Sharing our stories is a good thing. Sharing helps create connections. Sharing helps encourage others who are going through similar experiences. Sharing helps educate. Sharing helps create awareness, which can lead to positive social changes. Sharing is good!
However, as I spend time reading adoption blogs and news articles and such online, I have noticed a troubling tendency: a tendency to overshare, without regard to a child's privacy. I recently read an article by a dad who talked about the challenges of raising a child with RAD. He published the article under his real name and didn't make any effort to disguise which child he was talking about. It addressed specific scenarios in which the child, a teen, had presented challenging behaviors and described how they had been dealt with. (Here's the article: ).
I believe this article was well-intentioned and meant to help other parents raising children with similar challenges, but the author seemed to completely forget that he was writing about his son, who might have different feelings about having his story shared so publicly.
As a teen, can you imagine what it would feel like if someone from your school read an article like that about YOU? If it were to get shared around?
I see less of this kind of thing with teens, but I often see it with young children. When your child is little, it can sometimes be hard to remember that they won't always be little. That someday someone (peers . . . bullies . . . potential boyfriends or girlfriends . . . prospective employers) might Google your child's name and find an article in which you frankly discuss their mostly troubling behaviors or provide a list of their mental health diagnoses. Or maybe they'll find a video in which you describe the situations they endured before being adopted. But please remember . . . these are THEIR stories and THEIR struggles to choose to share or keep to themselves.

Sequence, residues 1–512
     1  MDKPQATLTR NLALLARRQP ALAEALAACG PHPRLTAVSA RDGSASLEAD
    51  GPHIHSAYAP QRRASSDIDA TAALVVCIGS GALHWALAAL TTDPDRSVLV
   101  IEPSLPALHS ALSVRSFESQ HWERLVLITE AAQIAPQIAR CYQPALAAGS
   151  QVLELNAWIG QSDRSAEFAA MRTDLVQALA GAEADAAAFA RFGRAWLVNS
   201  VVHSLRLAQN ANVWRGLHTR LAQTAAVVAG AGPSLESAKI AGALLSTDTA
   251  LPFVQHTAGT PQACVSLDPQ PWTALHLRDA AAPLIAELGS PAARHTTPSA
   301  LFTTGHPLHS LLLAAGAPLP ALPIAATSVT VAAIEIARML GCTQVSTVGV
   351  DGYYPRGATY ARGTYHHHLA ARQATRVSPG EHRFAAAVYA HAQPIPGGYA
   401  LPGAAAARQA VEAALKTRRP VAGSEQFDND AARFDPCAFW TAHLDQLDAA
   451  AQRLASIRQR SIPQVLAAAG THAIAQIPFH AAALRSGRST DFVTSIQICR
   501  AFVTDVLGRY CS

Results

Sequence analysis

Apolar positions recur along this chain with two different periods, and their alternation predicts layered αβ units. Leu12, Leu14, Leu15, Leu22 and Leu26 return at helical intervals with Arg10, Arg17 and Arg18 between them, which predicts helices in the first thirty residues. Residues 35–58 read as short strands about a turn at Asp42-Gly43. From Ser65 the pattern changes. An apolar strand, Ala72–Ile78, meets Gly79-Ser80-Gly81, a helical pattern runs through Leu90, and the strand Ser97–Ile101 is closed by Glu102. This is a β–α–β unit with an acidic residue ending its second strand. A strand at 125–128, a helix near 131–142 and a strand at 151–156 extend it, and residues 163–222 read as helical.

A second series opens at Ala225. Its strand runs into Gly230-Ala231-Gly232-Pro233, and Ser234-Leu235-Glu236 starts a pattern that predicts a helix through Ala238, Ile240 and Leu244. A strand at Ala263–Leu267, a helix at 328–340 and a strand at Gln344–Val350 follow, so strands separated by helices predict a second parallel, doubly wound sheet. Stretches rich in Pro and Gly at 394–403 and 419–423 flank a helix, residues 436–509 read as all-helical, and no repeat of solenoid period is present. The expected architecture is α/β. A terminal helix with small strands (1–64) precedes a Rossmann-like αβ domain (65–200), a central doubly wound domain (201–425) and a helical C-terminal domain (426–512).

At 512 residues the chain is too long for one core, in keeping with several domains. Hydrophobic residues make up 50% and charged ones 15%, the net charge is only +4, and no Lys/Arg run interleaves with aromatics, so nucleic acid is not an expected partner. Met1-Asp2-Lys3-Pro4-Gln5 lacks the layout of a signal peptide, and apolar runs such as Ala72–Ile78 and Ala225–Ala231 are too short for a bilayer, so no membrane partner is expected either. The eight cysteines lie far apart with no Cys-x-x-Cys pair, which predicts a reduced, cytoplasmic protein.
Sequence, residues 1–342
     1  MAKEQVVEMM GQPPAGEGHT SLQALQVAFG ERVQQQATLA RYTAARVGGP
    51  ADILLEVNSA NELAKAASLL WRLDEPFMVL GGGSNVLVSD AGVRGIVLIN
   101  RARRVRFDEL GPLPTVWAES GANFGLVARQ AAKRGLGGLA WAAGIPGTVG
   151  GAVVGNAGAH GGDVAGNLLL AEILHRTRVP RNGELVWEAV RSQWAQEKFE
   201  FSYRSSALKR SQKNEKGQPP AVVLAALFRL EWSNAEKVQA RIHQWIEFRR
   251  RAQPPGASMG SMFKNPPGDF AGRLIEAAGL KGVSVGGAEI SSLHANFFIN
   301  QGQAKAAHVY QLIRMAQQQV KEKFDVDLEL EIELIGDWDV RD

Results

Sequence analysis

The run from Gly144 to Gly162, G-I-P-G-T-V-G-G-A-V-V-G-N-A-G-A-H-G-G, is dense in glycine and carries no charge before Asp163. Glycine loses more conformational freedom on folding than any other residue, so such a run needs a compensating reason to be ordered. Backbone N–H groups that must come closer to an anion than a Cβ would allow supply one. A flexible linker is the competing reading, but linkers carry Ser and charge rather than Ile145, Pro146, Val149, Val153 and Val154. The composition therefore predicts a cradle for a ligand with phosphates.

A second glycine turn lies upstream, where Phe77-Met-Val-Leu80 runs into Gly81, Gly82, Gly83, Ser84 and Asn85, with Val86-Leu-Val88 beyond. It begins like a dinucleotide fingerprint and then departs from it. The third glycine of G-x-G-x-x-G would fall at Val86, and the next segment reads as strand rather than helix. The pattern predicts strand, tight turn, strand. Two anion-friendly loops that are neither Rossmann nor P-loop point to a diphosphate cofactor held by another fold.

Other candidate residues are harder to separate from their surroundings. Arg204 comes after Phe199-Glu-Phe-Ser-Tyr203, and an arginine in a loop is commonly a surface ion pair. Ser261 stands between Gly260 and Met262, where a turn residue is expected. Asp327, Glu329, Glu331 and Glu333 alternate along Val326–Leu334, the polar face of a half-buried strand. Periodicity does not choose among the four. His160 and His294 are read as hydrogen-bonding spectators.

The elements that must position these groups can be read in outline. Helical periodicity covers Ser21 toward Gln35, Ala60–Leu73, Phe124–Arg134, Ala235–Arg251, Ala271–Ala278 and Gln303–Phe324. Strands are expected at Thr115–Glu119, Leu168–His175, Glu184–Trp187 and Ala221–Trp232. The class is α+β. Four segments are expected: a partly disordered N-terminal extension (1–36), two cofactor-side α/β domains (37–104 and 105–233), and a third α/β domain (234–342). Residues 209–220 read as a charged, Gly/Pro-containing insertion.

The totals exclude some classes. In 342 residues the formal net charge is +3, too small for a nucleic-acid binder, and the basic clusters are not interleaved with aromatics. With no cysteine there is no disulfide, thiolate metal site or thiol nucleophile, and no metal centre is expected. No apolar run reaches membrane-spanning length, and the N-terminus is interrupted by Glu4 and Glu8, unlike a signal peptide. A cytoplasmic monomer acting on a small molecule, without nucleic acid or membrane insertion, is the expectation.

Here are a few ideas for those who want to connect and share and encourage and reach out without compromising their child's privacy.
-Write anonymously. Use pseudonyms for your kids and pictures that don't provide identifying information.
-Join a forum where your real name isn't used if you want to build connections and community.
-Find a private in-person support group where you can talk about your challenges! This might be better anyway, because you'll be able to build your circle of real-life friends.
Annaleece Merrill
Great points! I definitely struggle sometimes to find the line between sharing to be helpful and oversharing. I always try to use initials and keep the focus on MY experience and point of view rather than anyone else. Good stuff to keep in mind.